Over 100 people filled Enterprise State Community College’s multipurpose room for the commendation ceremony of former president and dean of instruction Dr. Joseph Talmadge on April 26.

Alabama Education Policy Advisor and Coordinator and Enterprise State Community College alumnus Nick Moore thanked Talmadge for the things he had done as president.

“As a freshman student that entered into this college on a Pell Grant, if it wasn’t for the (ESCC) Foundation scholarship that I received—that you established as president—I wouldn’t be standing here today in this role,” Moore said. “There’s no doubt that many people in this room today are standing on the shoulders of giants and you are chief among those giants.”

He also spoke on Talmadge’s role in the creation of the Statewide Transfer and Articulation Reporting System (STARS).

“A lot of folks don’t recognize that Dr. Talmadge was a visionary leader of the Alabama Articulation Agreement Committee in 1984 and 1985,” Moore said. “Due to your leadership and help from the good Senator Jimmy Holley, you were able to develop the Alabama Statewide Transfer and Articulation Agreement. Right now because of that agreement, so many of our college students are able to finish their four-year degree at universities and colleges across Alabama. And because of that, they’re able to save money, finish their degree early and get into college.”

Moore presented Talmadge with a commendation from Gov. Kay Ivey.

“Now therefore, Kay Ivey, governor of Alabama does hereby commend Dr. Joseph Talmadge for his many contributions to the state of Alabama in both his career at Enterprise State Community College and in providing state-wide leadership through his work to improve transfer and articulation throughout the state of Alabama,” Moore read.

Director of Student Financial Aid Henry Quisenberry was originally hired by Talmadge and took to the podium to say a few words about the man.

“Thank you for your faith in us, thank you for your hope for what our beloved school could become and thank you for your unabashed love for this college and for everybody that’s served here,” Quisenberry said. “God bless you and God bless Enterprise State for the years to come.”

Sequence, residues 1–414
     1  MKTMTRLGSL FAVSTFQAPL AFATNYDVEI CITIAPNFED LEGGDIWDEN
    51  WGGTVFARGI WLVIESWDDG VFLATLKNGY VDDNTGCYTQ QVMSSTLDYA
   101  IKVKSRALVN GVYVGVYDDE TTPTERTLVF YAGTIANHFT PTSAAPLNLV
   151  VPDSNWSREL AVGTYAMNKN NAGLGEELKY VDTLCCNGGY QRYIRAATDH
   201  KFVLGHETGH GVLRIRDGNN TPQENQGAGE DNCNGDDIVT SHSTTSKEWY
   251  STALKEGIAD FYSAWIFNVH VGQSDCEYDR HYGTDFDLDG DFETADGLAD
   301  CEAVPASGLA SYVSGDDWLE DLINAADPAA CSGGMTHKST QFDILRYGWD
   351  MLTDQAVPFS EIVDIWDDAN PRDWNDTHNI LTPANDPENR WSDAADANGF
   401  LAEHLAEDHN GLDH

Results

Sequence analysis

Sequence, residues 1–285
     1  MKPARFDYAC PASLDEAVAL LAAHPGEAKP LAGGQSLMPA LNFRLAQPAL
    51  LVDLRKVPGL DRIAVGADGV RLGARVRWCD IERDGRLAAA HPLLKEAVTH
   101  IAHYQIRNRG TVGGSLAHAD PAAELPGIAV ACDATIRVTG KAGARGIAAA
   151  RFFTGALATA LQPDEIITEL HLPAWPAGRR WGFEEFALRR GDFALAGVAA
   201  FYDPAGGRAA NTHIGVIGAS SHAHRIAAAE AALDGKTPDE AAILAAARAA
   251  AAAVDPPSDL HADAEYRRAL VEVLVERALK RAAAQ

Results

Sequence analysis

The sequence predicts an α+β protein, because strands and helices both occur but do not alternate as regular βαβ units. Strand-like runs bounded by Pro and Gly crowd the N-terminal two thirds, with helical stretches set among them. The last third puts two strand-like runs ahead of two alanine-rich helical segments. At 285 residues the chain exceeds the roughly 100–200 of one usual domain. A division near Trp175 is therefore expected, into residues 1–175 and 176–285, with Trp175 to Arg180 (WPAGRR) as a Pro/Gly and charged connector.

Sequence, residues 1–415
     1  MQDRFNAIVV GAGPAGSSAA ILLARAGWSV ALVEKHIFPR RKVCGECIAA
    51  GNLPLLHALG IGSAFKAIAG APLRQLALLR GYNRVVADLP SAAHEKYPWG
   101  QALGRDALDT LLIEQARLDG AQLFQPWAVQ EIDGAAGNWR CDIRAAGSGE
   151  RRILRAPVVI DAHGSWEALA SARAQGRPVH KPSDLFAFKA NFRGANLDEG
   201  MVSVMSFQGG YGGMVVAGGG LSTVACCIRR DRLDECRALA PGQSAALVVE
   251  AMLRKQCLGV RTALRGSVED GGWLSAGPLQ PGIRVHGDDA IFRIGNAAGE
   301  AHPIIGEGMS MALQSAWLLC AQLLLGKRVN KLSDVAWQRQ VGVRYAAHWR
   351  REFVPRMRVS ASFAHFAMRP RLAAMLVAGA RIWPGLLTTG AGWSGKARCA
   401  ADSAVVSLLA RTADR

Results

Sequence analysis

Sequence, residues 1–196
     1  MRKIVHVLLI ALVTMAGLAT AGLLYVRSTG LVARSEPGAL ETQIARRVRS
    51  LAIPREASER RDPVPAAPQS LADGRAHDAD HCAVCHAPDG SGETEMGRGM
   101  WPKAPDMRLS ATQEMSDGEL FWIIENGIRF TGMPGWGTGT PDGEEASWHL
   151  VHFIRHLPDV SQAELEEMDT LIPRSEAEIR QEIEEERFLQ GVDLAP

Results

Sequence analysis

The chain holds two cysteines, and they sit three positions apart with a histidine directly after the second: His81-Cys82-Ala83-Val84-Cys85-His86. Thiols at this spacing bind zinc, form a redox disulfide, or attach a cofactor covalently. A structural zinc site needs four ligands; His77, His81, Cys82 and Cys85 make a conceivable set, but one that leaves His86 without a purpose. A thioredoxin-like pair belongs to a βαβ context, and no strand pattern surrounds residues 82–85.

Current ESCC President Matt Rodgers revealed that April 26 would officially be recognized as Joseph Talmadge Day at ESCC and said a few words about Tamladge’s legacy.

“At the end of the day, we’re not judged by wins or losses, we’re not judged by the number of books we sell, we’re not judged by the money we have in our bank account, we’re judged by the effect and impact and difference we make to other people,” Rodgers said. “I am just honored today to say, Dr. Joe you’ve been successful on a job well done.”

Talmadge took an opportunity to speak to the crowd gathered in the ESCC MPR.

“I can’t turn down a podium,” Talmadge said to a room full of laughter. “I’m just proud of the college and I’m proud of Matt (Rodgers). I hope he’s going to stay out here for the next 25 or 30 years and that he keeps building off what we started. I thank all of you for coming and it just means so much to me to see all of you. That’s the greatest treasure of all is to be able to see all of you. I’m proud of this school and I know you are, too.”

After the ceremony in the MPR, the group moved to the newly renovated Talmadge Hall on campus where the building was rededicated with a new portrait of Talmadge hanging in the lobby.

Talmadge took the time after the rededication to explore the newly renovated building event giving a history lecture to his grandson.

(0) comments

Welcome to the discussion.

Keep it Clean. Please avoid obscene, vulgar, lewd, racist or sexually-oriented language.
PLEASE TURN OFF YOUR CAPS LOCK.
Don't Threaten. Threats of harming another person will not be tolerated.
Be Truthful. Don't knowingly lie about anyone or anything.
Be Nice. No racism, sexism or any sort of -ism that is degrading to another person.
Be Proactive. Use the 'Report' link on each comment to let us know of abusive posts.
Share with Us. We'd love to hear eyewitness accounts, the history behind an article.